Those surprised by Newsom’s level of caution on some pot bills include Kevin Sabet, president of Smart Approaches to Marijuana, which opposes legalization.


“For someone that we might have expected to earn an F on marijuana policy, this gives him a D,” Sabet said. “I think when it came to such extreme issues as marijuana in hospitals and tour buses, he knew there would be local pushback.”

Pennsylvania man arrested in 2 murders after campground fight

Two men were shot and killed early Saturday morning at a Pennsylvania campground after attempting to intervene in a domestic dispute between another man and his girlfriend, according to officials.

The Bucks County District Attorney’s Office said in a news release the incident happened around 2 a.m. Saturday at the Homestead Family Campgrounds in West Rockhill Township, located about 20 miles south of Allentown.

The victims and the suspect were among a group of 16 friends and relatives on an annual camping trip taking place this weekend at the campground.


Prosecutors said that 40-year-old Miles K. Jones of Philadelphia fatally shot Eric Braxton, 41, and Arthur Hill, 46, also of Philadelphia, after the pair intervened in an argument between Jones and his girlfriend.

Miles K. Jones, 40, of Philadelphia was charged with criminal homicide, possession of an instrument of crime and recklessly endangering another person in connection to the shooting.

Miles K. Jones, 40, of Philadelphia was charged with criminal homicide, possession of an instrument of crime and recklessly endangering another person in connection to the shooting. (Bucks County District Attorney’s Office)

Early in the morning, an argument had erupted between Jones and his girlfriend, and the woman told Jones to leave the tent they were sharing, according to prosecutors. That argument then escalated into Jones flipping the tent before the victims came to the woman’s assistance, officials said in a news release.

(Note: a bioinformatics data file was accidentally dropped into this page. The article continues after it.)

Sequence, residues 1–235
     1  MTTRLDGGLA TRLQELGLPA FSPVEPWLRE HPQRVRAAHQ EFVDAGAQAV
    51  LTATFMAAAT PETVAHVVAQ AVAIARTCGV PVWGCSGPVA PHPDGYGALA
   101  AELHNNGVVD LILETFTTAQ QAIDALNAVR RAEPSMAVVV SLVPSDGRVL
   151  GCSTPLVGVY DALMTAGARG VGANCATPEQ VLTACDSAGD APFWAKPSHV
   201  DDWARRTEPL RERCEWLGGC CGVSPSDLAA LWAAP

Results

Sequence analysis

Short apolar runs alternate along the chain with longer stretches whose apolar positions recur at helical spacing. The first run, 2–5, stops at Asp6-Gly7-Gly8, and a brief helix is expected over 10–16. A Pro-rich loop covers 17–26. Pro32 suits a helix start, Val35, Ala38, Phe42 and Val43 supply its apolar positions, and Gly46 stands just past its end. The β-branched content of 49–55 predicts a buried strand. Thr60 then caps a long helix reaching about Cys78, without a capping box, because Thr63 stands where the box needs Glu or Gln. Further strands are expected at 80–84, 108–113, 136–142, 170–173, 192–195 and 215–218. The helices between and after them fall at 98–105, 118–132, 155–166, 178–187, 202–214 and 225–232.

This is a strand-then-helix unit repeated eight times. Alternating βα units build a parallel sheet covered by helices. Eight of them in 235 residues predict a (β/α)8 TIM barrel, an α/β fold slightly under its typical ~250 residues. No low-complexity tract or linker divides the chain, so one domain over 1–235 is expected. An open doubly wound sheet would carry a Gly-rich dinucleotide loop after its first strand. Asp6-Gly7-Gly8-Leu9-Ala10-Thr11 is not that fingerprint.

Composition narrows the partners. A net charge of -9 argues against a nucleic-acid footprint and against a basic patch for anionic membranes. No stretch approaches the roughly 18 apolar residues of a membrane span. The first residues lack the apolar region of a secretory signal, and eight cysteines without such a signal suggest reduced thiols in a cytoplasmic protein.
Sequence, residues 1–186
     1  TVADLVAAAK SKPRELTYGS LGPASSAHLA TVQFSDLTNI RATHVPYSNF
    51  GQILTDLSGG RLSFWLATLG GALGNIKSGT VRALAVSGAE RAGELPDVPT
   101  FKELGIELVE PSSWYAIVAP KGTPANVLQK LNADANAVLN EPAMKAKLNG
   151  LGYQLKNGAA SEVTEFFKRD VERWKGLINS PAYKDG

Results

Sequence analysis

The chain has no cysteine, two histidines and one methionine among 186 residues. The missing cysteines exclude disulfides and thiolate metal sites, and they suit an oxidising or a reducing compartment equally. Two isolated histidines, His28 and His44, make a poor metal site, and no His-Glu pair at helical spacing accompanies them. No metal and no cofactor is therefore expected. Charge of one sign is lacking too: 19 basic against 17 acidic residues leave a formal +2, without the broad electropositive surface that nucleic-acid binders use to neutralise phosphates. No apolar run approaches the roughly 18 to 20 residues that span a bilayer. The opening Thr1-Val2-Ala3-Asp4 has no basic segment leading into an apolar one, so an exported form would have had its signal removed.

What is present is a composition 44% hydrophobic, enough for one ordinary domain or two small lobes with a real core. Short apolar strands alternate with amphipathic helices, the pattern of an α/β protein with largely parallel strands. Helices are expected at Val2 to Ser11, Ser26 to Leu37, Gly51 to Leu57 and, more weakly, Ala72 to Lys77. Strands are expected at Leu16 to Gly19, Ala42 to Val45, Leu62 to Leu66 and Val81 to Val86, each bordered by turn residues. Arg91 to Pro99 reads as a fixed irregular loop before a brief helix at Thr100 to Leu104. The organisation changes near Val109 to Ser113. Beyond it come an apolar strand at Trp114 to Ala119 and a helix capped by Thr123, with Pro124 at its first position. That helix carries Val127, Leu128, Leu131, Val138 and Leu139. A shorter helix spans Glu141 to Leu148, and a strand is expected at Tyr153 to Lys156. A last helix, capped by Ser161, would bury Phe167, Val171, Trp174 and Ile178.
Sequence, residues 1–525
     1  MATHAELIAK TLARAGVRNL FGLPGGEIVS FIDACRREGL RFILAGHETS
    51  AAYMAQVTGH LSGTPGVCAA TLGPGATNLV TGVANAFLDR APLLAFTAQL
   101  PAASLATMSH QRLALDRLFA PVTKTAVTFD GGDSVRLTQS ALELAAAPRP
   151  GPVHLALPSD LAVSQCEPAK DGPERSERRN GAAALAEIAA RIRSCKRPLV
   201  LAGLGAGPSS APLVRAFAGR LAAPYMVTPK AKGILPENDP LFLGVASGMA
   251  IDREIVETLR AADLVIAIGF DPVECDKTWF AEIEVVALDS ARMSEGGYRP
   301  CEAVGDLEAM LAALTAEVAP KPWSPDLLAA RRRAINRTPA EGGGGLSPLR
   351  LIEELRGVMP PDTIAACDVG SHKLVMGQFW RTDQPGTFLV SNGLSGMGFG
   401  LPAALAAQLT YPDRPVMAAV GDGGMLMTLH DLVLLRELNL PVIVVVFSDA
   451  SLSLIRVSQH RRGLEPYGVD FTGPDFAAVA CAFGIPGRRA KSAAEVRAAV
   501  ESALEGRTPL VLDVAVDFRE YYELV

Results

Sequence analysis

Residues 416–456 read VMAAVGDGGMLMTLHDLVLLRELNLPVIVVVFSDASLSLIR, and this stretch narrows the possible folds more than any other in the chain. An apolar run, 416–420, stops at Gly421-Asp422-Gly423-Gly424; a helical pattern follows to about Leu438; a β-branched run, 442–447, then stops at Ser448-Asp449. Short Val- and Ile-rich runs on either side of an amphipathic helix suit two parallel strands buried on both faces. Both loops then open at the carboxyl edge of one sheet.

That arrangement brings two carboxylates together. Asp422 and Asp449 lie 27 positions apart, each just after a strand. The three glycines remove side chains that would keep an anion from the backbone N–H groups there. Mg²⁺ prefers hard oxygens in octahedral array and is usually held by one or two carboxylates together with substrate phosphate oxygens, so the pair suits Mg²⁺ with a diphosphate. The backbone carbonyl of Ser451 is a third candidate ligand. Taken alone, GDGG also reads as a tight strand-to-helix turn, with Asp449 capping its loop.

“He returned about 15 minutes later with a loaded 9-mm. handgun and he shot both victims,” Bucks County District Attorney Matthew Weintraub said at a news conference.


Between three and six shots were fired during the incident, according to prosecutors.

Braxton died at the scene, while Hill was transported to an area hospital where he was pronounced dead.


Jones was charged with criminal homicide, possession of an instrument of crime and recklessly endangering another person and was arraigned on Saturday afternoon. The 40-year-old is currently being held without bail at the Bucks County Correctional Facility and is scheduled to have his next court appearance on Oct. 31.

The shooting remains under investigation by Bucks County detectives, in addition to the Pennridge Regional Police Department and Central Bucks Special Response Team Crime Scene Unit.

Qantas test flight completes record 19-hour non-stop flight from New York to Sydney

With 49 people on board, the Boeing 787-9 Dreamliner flight completed the 10,066-mile journey from New York to Sydney in 19 hours and 16 minutes.

Qantas Group Chief executive Alan Joyce said: “This is a really significant first for aviation. Hopefully, it’s a preview of a regular service that will speed up how people travel from one side of the globe to the other.”

Research into the health and well-being of those on board were conducted during the flight with tests ranging from monitoring pilot brain waves, melatonin levels and alertness to exercise classes for passengers.

Joyce added: “We know ultra long haul flights pose some extra challenges but that’s been true every time technology has allowed us to fly further. The research we’re doing should give us better strategies for improving comfort and wellbeing along the way.”

The next test flight will take place in November, from London to Sydney, while there will be another New York to Sydney flight before the end of the year.

Qantas has said it hopes to operate direct flights from three cities on Australia’s east coast — Sydney, Melbourne and Brisbane — and New York and London by 2022 or 2023.

Captain Sean Golding said: “Overall, we’re really happy with how the flight went and it’s great have some of the data we need to help assess turning this into a regular service.”

The Qantas Boeing 787 Dreamliner plane arrives at Sydney International Airport

The Qantas Boeing 787 Dreamliner plane arrives at Sydney International Airport after flying direct from New York on Sunday, October 20, 2019.

David Gray /Getty Images for Qantas/GETTY IMAGES

How will the passengers be monitored?

Researchers from Sydney University’s Charles Perkins Centre, Monash University and the Alertness Safety and Productivity Cooperative Research Centre — a scientific program backed by the Australian government — will examine the impact of the long flight on those on board.

Passengers in the main cabin wore monitoring devices, and experts from the Charles Perkins Centre will study how their “health, wellbeing and body clock” was impacted by a set of variables that include lighting, food and drink, movement, sleep patterns and inflight entertainment.

Those on board were advised to keep a daily log in the lead-up to the flight and for two weeks afterwards, to show how they feel and how they’ve coped with jet lag.

Pilots and cabin crew will also keep sleep diaries. Cameras were mounted in the cockpit to record pilot alertness.